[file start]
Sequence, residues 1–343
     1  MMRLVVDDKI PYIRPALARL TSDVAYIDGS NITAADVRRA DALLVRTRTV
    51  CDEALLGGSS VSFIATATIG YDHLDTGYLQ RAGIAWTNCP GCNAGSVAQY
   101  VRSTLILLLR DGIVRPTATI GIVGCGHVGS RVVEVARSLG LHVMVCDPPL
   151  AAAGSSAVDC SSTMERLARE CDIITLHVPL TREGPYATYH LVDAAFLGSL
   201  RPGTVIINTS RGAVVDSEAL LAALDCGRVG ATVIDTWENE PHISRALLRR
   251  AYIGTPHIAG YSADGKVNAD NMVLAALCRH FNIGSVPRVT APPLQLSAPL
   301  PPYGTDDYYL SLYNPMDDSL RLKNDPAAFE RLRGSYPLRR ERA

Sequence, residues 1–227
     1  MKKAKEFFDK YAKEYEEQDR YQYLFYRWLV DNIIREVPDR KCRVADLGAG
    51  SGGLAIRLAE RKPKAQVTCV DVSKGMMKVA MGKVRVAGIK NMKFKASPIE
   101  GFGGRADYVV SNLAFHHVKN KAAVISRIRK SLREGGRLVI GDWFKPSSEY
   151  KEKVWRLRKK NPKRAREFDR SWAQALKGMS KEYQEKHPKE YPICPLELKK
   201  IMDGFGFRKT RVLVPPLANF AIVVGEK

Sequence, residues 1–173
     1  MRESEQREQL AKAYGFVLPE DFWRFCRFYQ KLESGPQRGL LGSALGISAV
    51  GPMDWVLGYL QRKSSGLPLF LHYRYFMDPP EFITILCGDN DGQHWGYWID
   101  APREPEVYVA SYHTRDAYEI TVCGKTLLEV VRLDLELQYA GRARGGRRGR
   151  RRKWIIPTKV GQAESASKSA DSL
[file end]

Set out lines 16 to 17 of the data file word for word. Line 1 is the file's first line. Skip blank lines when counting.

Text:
     1  MRESEQREQL AKAYGFVLPE DFWRFCRFYQ KLESGPQRGL LGSALGISAV
    51  GPMDWVLGYL QRKSSGLPLF LHYRYFMDPP EFITILCGDN DGQHWGYWID